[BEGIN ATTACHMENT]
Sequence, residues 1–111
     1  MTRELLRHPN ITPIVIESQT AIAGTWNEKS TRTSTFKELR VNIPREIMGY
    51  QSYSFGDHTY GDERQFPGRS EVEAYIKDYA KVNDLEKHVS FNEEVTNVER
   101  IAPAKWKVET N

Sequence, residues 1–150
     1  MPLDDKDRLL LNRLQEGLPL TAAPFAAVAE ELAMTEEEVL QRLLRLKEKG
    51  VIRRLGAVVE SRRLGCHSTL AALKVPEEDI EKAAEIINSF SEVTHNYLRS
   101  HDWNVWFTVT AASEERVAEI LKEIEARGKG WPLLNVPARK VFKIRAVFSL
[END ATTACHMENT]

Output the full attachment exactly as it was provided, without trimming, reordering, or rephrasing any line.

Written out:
Sequence, residues 1–111
     1  MTRELLRHPN ITPIVIESQT AIAGTWNEKS TRTSTFKELR VNIPREIMGY
    51  QSYSFGDHTY GDERQFPGRS EVEAYIKDYA KVNDLEKHVS FNEEVTNVER
   101  IAPAKWKVET N

Sequence, residues 1–150
     1  MPLDDKDRLL LNRLQEGLPL TAAPFAAVAE ELAMTEEEVL QRLLRLKEKG
    51  VIRRLGAVVE SRRLGCHSTL AALKVPEEDI EKAAEIINSF SEVTHNYLRS
   101  HDWNVWFTVT AASEERVAEI LKEIEARGKG WPLLNVPARK VFKIRAVFSL